int w = FreeImage_GetWidth(imagen);
    int h = FreeImage_GetHeight(imagen);

    GLubyte* textura = new GLubyte[4*w*h];
    char* pixels = (char*)FreeImage_GetBits(imagen);

    for(int j= 0; j<w*h; j++){
        textura[j*4+0]= pixels[j*4+2];
        textura[j*4+1]= pixels[j*4+1];
        textura[j*4+2]= pixels[j*4+0];
        textura[j*4+3]= pixels[j*4+3];
    }
    GLuint TextureID;
    glGenTextures(1, &TextureID);
    glBindTexture(GL_TEXTURE_2D, TextureID);
    if(FreeImage_GetBPP(imagen) == 24)
        glTexImage2D(GL_TEXTURE_2D,0,GL_RGBA, w, h, 0,
             GL_RGB,GL_UNSIGNED_BYTE,(GLvoid*)textura );
    else if(FreeImage_GetBPP(imagen) == 32)
        glTexImage2D(GL_TEXTURE_2D,0,GL_RGBA, w, h, 0,
             GL_RGBA,GL_UNSIGNED_BYTE,(GLvoid*)textura );
    glTexParameteri(GL_TEXTURE_2D, GL_TEXTURE_MIN_FILTER, GL_LINEAR);
    glTexParameteri(GL_TEXTURE_2D, GL_TEXTURE_MAG_FILTER, GL_LINEAR);

    return TextureID;
}

Let me know if you need any more relevant information. And, my apologies for posting yet another png transparency thread. I'm out of ideas, so create yet another thread on this out of simple desperation. The solution on almost every thread appears to be to simply set glBlendFunc(GL_SRC_ALPHA, GL_ONE_MINUS_SRC_ALPHA);, which results in nothing being displayed at all. 

 

Thank you in advance for any assistance, 

 

smile.png

Edited by Misantes
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I'm a little suspicious about this snippet:

 

FREE_IMAGE_FORMAT formato =
FreeImage_GetFileType(imageName,0);
    FIBITMAP* imagen = FreeImage_Load(formato, imageName);

FIBITMAP* temp = imagen;

imagen = FreeImage_ConvertTo32Bits(imagen);
FreeImage_Unload(temp);

 

If your .png is authored and is loaded correctly, then it should already be a 32 bit image. I wonder if it's only 24-bit and FreeImage_ConvertTo32Bits is adding an empty alpha channel for you.

 

Also, could you post your fragment shader, please? The line "I should note as well that if I change the Fragment shader color value to vec4 (it's currently set to a vec3) and include an alpha color (set to anything between 0.1 and 1)" sounds a bit wrong, you probably should be dealing with vec4s when you're manipulating rgba colours.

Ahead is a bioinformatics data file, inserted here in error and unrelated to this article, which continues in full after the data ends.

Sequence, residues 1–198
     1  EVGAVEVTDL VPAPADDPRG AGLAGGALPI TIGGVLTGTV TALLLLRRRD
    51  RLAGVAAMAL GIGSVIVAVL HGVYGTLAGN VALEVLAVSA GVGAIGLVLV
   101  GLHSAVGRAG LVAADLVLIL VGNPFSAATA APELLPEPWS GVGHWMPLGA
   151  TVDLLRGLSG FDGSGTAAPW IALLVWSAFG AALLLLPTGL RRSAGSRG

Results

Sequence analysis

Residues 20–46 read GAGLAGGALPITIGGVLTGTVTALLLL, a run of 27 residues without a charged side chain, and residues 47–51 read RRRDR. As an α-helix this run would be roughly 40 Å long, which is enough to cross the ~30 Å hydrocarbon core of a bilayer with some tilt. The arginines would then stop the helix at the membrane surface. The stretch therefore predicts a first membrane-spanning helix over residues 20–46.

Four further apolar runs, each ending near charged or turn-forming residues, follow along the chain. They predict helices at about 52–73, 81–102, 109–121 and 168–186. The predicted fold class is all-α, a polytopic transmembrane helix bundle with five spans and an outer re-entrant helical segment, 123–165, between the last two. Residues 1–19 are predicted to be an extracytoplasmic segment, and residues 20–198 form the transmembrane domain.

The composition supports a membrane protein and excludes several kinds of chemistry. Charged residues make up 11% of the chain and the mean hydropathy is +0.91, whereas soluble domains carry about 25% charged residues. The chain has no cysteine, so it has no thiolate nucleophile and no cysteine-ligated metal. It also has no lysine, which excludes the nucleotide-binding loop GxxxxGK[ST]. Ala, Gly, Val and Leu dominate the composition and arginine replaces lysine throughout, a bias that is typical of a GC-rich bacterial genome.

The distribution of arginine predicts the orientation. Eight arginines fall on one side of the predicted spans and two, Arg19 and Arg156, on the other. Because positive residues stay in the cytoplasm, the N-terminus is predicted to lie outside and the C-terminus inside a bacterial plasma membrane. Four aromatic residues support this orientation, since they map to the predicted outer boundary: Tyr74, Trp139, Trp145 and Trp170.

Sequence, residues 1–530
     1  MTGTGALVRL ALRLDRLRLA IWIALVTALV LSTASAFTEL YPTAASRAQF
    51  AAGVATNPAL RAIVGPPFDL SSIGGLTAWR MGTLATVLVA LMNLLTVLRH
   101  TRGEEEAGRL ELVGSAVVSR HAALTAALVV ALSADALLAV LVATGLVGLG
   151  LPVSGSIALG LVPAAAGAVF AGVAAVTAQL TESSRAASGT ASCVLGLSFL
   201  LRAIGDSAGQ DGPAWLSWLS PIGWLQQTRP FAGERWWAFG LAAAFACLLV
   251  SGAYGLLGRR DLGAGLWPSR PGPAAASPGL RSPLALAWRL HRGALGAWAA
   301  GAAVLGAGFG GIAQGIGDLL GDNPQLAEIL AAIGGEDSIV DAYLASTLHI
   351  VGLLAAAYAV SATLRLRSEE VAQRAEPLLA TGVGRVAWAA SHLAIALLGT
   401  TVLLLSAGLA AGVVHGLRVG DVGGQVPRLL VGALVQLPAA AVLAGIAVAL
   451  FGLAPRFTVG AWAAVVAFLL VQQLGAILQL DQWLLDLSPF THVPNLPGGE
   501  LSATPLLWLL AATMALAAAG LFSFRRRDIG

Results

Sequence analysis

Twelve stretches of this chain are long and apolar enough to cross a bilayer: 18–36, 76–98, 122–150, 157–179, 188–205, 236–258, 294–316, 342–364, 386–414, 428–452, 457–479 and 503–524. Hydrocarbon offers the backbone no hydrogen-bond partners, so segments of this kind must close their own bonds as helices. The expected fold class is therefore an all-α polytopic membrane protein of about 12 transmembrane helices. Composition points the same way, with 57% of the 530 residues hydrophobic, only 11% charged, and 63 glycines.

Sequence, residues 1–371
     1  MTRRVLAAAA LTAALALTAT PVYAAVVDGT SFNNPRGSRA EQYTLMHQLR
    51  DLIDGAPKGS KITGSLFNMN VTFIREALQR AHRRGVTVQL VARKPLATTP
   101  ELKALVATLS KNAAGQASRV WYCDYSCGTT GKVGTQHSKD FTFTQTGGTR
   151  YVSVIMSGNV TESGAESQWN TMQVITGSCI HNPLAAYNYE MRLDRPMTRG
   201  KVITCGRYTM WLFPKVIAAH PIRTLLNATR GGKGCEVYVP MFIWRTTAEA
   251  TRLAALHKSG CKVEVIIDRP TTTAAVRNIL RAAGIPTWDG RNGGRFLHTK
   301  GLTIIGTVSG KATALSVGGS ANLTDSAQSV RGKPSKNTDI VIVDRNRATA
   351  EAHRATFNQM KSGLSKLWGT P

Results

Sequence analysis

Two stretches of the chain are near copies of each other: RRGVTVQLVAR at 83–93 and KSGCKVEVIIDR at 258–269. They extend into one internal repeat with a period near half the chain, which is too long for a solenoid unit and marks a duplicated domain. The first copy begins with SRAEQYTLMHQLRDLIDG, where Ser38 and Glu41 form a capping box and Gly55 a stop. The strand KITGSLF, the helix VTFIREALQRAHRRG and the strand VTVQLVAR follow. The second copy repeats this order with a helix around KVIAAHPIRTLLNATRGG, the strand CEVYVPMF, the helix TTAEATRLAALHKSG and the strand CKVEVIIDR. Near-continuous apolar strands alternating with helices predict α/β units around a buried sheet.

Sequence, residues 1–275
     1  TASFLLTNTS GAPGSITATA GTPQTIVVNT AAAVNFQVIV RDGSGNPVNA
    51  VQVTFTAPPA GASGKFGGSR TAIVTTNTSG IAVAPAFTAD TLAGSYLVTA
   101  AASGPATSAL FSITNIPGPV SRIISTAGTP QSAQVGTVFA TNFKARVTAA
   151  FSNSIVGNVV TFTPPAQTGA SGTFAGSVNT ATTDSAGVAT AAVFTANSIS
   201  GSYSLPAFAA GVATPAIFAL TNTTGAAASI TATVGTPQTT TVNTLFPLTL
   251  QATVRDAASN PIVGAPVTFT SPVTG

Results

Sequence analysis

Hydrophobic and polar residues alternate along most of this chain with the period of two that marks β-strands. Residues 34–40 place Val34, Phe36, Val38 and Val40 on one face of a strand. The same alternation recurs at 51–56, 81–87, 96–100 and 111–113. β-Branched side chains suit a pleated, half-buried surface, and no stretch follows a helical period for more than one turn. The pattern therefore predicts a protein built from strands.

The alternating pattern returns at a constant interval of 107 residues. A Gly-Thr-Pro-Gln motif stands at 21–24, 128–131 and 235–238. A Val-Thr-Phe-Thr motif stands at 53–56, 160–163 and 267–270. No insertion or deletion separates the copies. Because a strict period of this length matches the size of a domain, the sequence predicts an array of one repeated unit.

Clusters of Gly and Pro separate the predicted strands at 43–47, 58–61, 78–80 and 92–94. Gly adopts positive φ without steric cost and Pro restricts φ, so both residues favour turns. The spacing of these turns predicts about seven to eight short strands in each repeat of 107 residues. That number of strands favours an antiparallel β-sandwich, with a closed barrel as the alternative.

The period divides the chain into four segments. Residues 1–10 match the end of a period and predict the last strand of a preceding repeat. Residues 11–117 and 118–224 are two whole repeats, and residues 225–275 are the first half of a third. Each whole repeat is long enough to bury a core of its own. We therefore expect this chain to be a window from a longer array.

I suppose that to narrow down whether it's a image loading or a rendering problem, you could experiment by modifying the "textura[j*4+3]= pixels[j*4+3];" line to "textura[j*4+3]= 128;" and see if that gives you a semi-transparent image. If so, then you know it's your image loading, otherwise it's your rendeiring. (Actually maybe it's textura[j*4+0] which represents alpha, I can never remember which order these things are supposed to be)

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Hey, thank you so much for the response.

 

Here is the fragment shader:

#version 330 core

// Interpolated values from the vertex shaders
in vec2 UV;
in vec3 Position_worldspace;
in vec3 Normal_cameraspace;
in vec3 EyeDirection_cameraspace;
in vec3 LightDirection_cameraspace;

// Ouput data
out vec3 color;

// Values that stay constant for the whole mesh.
uniform sampler2D myTextureSampler;
uniform mat4 MV;
uniform vec3 LightPosition_worldspace;

void main(){

	// Light emission properties
	// You probably want to put them as uniforms
	vec3 LightColor = vec3(1,1,1);
	float LightPower = 50.0f;
	
	// Material properties
	vec3 MaterialDiffuseColor = texture2D( myTextureSampler, UV ).rgb;
	vec3 MaterialAmbientColor = vec3(0.5,0.5,0.5) * MaterialDiffuseColor;
	vec3 MaterialSpecularColor = vec3(0.3,0.3,0.3);

	// Distance to the light
	float distance = length( LightPosition_worldspace - Position_worldspace );

	// Normal of the computed fragment, in camera space
	vec3 n = normalize( Normal_cameraspace );
	// Direction of the light (from the fragment to the light)
	vec3 l = normalize( LightDirection_cameraspace );
	// Cosine of the angle between the normal and the light direction, 
	// clamped above 0
	//  - light is at the vertical of the triangle -> 1
	//  - light is perpendicular to the triangle -> 0
	//  - light is behind the triangle -> 0
	float cosTheta = clamp( dot( n,l ), 0,1 );
	
	// Eye vector (towards the camera)
	vec3 E = normalize(EyeDirection_cameraspace);